|Although tattoos are designed to be permanent,
what should you do If you would like to have
one removed? While nearly impossible to completely
remove signs of a prior tattoo, there are
some approaches that can yield good results:
- complete removal: there are several older
methods that involve cutting or scraping
off the skin containing the tattoo pigment;
the amount of work depends on the depth of
the tattoo pigment. These are painful approaches
than often leave scars and so should be avoided
- pigment reduction:
- laser removal is the most popular method;
it uses pulses of laser light to breakdown
the tattoo pigment into tiny pieces that
are removed by the body's blood system.
- lightening: there are creams on the market
that are advertised to fade the tattoo over
time; generally, they also work by breaking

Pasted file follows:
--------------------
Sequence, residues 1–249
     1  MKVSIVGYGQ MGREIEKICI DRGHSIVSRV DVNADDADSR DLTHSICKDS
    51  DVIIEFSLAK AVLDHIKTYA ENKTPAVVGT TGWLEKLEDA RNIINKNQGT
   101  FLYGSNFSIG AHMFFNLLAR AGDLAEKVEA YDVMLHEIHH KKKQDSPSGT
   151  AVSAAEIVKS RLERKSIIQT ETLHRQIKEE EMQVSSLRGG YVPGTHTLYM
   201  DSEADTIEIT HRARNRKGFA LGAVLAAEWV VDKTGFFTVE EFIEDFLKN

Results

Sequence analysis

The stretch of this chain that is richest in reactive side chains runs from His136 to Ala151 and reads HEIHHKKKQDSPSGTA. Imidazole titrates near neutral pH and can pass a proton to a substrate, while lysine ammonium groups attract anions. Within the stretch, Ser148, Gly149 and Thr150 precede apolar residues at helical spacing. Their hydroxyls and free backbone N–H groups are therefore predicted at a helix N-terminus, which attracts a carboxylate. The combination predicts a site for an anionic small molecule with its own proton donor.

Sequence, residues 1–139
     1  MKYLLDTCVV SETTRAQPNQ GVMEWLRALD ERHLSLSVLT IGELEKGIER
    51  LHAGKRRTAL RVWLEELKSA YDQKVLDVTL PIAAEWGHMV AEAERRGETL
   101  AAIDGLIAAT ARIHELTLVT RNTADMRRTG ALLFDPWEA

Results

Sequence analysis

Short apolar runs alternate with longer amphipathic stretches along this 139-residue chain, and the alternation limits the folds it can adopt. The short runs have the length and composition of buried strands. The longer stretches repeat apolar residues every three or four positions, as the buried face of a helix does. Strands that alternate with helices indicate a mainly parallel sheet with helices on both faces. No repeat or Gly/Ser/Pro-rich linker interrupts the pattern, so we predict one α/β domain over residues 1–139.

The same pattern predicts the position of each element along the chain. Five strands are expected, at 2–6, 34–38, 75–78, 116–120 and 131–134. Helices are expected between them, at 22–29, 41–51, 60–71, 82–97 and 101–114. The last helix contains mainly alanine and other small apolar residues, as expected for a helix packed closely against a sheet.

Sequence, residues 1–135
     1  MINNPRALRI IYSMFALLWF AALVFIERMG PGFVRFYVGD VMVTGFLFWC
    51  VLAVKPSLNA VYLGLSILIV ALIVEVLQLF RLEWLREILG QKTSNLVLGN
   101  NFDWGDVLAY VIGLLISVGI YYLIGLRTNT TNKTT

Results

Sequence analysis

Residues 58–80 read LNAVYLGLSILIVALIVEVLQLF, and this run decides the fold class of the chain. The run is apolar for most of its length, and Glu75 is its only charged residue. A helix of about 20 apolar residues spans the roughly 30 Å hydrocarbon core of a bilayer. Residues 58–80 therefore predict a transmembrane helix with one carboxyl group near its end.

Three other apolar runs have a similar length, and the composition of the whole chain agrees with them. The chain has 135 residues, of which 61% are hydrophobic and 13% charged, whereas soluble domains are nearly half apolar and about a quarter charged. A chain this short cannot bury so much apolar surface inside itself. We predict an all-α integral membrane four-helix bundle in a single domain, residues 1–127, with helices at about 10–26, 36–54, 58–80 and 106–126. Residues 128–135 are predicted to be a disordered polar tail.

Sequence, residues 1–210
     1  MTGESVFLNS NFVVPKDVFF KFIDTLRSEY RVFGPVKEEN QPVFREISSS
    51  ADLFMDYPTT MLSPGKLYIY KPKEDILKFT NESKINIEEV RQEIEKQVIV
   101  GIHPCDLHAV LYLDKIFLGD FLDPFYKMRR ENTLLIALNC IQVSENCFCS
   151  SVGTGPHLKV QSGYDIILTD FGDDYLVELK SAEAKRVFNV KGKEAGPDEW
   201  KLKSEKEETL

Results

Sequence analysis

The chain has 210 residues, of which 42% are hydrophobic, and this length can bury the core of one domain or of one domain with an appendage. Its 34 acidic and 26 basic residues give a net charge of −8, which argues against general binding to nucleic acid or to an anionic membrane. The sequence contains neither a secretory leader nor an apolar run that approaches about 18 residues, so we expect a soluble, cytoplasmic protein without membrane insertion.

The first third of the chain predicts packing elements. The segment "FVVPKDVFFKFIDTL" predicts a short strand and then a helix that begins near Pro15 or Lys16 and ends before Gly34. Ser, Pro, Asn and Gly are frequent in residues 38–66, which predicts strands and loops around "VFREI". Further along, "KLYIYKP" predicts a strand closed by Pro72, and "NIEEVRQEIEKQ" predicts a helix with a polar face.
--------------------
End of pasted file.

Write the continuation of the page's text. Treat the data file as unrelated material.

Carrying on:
down the pigment..
When considering having a tattoo removed,
here are some tips:
- Begin by consulting with a dermatological
surgeon specializing in tattoo removal. Ask
your primary physician for a recommendation
of one in your area.
- The size of the tattoo, the location, the
colors, and your health are
some of the important
factors in determining how
are needed and how close together
- Find out the total cost of removing the tattoo
upfront. Your doctor might quote you a single
price (if so, agree up front on what conditions
determine that the work is done) or a price
per visit (if so, ask how many visits will
be required to reach an acceptable result);
be sure to ask also about the cost of any
creams or medicines.
- Most insurance companies consider this optional
cosmetic surgery and do not cover the cost
in their plans. While this means that you
will be paying the full cost yourself, it
also means that you can negotiate the price
with the doctor.
- Sometimes, you may only want the tattoo partially
removed or its appearance reduced. Talk to
your doctor about what you want and listen
to what he says to expect.
As an alternative to removal, you may want
to consider additional tattoo work on top
of the old tattoo. Sometimes you can blend
in a new design in order to change a name
or to correct a mistake.